Synopses & Reviews
Puerto Ricans maintain a vibrant identity that bridges two very different places--the island of Puerto Rico and the U.S. mainland. Whether they live on the island, in the States, or divide time between the two, most imagine Puerto Rico as a separate nation and view themselves primarily as Puerto Rican. At the same time, Puerto Ricans have been U.S. citizens since 1917, and Puerto Rico has been a U.S. commonwealth since 1952.
Jorge Duany uses previously untapped primary sources to bring new insights to questions of Puerto Rican identity, nationalism, and migration. Drawing a distinction between political and cultural nationalism, Duany argues that the Puerto Rican "nation" must be understood as a new kind of translocal entity with deep cultural continuities. He documents a strong sharing of culture between island and mainland, with diasporic communities tightly linked to island life by a steady circular migration. Duany explores the Puerto Rican sense of nationhood by looking at cultural representations produced by Puerto Ricans and considering how others--American anthropologists, photographers, and museum curators, for example--have represented the nation. His sources of information include ethnographic fieldwork, archival research, interviews, surveys, censuses, newspaper articles, personal documents, and literary texts.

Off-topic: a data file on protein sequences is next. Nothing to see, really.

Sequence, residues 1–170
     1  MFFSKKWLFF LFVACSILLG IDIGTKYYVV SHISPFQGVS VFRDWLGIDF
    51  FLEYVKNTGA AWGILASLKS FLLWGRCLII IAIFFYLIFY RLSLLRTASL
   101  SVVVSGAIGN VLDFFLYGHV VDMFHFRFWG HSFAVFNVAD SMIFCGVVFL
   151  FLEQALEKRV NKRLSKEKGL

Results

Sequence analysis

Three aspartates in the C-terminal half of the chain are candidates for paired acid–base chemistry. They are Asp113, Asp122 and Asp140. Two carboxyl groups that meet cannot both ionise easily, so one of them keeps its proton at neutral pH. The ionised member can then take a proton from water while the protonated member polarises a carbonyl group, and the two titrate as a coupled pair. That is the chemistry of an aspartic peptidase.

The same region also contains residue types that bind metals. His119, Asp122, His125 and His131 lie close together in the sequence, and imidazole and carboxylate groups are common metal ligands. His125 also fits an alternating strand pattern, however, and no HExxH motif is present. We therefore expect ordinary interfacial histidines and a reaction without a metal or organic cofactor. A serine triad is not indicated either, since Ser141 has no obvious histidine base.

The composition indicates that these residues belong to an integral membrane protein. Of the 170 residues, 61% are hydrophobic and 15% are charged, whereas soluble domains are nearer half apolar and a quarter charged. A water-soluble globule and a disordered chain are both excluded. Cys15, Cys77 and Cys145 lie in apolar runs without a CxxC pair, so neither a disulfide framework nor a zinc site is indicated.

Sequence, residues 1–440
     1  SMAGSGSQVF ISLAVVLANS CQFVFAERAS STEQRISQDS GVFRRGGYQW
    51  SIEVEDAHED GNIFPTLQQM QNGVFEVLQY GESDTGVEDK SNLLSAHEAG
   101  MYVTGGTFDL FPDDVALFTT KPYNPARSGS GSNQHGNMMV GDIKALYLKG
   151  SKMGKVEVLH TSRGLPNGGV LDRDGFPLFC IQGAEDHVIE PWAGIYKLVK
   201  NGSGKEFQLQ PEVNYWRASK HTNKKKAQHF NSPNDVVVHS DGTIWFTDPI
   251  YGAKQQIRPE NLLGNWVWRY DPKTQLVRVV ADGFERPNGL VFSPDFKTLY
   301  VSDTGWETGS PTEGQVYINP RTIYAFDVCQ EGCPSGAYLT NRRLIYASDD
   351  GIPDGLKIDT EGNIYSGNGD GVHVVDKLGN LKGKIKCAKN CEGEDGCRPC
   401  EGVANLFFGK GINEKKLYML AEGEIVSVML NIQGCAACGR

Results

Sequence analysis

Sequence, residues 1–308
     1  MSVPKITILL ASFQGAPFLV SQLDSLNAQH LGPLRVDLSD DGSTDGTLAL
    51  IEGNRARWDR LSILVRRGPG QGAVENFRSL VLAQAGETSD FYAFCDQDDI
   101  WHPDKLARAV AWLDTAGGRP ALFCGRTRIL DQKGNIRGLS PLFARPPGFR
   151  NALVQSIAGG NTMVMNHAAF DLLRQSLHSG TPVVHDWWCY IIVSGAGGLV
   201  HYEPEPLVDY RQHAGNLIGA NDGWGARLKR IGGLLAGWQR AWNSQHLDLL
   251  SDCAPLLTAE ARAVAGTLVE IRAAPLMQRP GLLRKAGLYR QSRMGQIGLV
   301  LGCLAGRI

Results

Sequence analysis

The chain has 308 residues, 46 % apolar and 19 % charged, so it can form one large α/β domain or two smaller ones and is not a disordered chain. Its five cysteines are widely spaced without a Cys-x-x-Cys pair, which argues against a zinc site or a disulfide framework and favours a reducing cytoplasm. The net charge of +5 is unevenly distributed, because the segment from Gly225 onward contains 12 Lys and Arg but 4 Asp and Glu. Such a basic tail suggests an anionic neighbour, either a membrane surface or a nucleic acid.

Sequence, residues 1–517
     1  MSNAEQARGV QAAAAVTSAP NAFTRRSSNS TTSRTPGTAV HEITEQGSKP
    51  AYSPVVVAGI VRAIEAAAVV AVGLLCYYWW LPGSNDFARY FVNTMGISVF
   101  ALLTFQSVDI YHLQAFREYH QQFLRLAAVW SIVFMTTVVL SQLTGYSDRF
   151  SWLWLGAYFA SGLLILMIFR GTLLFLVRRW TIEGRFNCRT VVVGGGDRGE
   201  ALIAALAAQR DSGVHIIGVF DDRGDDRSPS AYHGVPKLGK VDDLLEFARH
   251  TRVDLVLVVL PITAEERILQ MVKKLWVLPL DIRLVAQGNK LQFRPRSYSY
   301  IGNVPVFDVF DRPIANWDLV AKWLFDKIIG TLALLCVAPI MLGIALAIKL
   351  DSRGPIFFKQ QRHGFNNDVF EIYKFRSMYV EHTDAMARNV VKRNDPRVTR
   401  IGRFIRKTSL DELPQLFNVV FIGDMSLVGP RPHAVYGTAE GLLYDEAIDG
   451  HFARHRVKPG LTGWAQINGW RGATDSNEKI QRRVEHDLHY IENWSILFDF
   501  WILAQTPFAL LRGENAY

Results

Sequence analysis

About the Author
Jorge Duany is professor of anthropology at the University of Puerto Rico in Ro Piedras and coauthor of Cubans in Puerto Rico: Ethnic Economy and Cultural Identity. He has held teaching and research appointments in the United States, most recently as a visiting professor at the University of Michigan.